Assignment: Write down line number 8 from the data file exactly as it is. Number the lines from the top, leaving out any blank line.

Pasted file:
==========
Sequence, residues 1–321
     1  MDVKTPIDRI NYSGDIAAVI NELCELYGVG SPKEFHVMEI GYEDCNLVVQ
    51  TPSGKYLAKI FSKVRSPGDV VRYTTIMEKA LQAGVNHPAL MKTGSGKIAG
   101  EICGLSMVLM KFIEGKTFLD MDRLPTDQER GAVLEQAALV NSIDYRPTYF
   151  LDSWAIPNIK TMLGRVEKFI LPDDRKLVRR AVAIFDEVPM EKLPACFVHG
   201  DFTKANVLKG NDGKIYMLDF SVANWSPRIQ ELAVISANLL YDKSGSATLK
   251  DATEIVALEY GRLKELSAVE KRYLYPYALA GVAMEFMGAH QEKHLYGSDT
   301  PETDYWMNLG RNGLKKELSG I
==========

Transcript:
   301  PETDYWMNLG RNGLKKELSG I